Here at VRFocus, our work takes us to gaming events all over the world and we are always keen to find new and simple ways to capture our surroundings wherever we go. We recently decided to experiment with capturing 3D footage and turned to Insta360, one of the most well-known companies manufacturing 360-degree cameras.
As the video editor here at VRFocus, I had no previous experience with any form of 360-degree editing and found the Insta360 process surprisingly easy, discovering that a basic 360 panorama can be created entirely through Adobe application Premiere Pro thanks to Insta360’s custom plugin. This article will outline how I achieved this using sample footage shot on Insta360 Pro 2 to experiment editing with.
What you will need:
- Adobe Premiere Pro
- Insta360 Stitcher App
- Insta360 footage
- YouTube access
Here are the steps.
- Head to insta360.com/download to download the latest version of Premiere Pro plugin. Enter the serial number provided to do so.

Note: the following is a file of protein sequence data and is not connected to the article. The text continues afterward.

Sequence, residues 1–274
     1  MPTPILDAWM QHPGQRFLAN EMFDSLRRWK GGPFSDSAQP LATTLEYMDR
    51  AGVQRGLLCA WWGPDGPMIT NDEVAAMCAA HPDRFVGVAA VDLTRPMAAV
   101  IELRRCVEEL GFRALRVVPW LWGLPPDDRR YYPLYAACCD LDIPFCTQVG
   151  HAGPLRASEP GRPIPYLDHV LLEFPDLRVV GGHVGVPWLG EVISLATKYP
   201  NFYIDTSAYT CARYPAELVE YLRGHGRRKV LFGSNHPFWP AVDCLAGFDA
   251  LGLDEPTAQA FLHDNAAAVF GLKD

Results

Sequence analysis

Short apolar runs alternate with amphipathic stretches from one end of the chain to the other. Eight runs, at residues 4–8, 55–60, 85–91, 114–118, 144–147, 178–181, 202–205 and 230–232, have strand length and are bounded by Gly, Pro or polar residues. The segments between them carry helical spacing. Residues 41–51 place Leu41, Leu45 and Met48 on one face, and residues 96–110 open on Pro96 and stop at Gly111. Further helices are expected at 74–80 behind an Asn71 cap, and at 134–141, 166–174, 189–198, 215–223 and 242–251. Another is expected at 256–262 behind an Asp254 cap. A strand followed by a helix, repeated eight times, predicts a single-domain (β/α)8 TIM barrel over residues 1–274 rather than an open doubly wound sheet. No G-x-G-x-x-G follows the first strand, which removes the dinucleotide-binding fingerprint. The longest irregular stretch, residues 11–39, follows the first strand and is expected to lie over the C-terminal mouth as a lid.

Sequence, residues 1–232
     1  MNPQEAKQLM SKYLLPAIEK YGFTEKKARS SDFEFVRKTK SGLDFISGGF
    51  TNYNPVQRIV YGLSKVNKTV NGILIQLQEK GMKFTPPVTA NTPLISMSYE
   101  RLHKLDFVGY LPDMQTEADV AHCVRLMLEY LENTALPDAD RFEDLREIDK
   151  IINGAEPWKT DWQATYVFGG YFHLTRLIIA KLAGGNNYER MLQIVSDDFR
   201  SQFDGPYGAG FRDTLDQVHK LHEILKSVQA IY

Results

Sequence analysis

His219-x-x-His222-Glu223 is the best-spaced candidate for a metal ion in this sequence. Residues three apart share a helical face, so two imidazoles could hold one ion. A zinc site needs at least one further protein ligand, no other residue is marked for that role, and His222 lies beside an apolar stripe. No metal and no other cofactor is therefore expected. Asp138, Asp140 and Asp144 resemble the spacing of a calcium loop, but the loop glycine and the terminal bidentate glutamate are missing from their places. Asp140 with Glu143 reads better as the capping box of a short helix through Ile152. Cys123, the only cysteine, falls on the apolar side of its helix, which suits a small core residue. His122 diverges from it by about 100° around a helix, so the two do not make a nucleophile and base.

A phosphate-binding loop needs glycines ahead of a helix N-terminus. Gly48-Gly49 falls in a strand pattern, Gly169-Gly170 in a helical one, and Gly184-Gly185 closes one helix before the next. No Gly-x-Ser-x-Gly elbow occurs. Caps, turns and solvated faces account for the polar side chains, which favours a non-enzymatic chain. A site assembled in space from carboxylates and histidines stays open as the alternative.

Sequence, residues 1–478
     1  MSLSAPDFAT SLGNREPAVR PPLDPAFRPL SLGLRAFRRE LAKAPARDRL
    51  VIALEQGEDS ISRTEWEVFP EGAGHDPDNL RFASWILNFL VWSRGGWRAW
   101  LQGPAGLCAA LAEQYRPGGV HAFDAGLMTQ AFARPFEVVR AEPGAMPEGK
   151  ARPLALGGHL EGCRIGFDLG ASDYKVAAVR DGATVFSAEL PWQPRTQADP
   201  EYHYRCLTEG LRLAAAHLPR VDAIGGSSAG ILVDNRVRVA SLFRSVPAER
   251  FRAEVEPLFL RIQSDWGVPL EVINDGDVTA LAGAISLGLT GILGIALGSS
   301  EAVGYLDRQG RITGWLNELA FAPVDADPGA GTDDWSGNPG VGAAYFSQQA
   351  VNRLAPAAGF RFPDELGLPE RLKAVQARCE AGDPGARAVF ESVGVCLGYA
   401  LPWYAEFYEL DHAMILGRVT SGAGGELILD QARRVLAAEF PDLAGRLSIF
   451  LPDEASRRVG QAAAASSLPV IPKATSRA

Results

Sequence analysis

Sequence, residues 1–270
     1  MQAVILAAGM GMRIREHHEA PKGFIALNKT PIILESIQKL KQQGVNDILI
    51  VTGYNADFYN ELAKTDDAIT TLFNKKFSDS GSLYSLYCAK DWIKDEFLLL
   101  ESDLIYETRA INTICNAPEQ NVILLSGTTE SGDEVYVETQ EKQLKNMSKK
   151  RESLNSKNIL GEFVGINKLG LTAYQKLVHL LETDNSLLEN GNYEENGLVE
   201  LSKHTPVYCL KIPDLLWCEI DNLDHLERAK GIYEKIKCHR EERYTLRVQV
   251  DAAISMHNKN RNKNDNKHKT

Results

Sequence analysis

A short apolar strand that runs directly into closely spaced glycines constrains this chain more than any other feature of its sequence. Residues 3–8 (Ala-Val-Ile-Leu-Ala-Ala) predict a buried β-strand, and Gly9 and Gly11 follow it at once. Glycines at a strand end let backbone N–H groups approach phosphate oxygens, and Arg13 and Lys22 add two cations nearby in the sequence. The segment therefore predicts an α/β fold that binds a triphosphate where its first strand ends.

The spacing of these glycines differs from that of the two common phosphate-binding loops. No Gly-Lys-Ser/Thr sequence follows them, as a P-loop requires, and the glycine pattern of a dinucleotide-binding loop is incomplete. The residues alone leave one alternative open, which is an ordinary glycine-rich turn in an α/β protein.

- Once downloaded, start the installation process and on the Installation Type section, make sure to keep the Premier Pro Plugin option box ticked and finish the installation.
- Now open Premiere Pro and create a new timeline. Head to Window and then Extensions below that, where you will find the newly imported stitching plugin, named Insta360Pro Importer. Click on this and the stitcher will open as a new window within Premiere Pro.
- Select Import and head to the location of the folder containing the unstitched files. Clicking on the folder itself will stitch together the individual videos into a completed 360 clip while they are being imported. You will then see the stitched clip in the project.
- Now you can edit the length of the stitched file like any other Premiere Pro clip. Then it’s time to render, by using the usual Premier Pro exporter. When doing so, go to Export Settings, then Video and then Basic Video Settings make sure to tick the one box stating the video is VR.
- Now upload the video to YouTube as usual, where you will be able to navigate around the 360-degree footage on both on desktop and within a VR headset.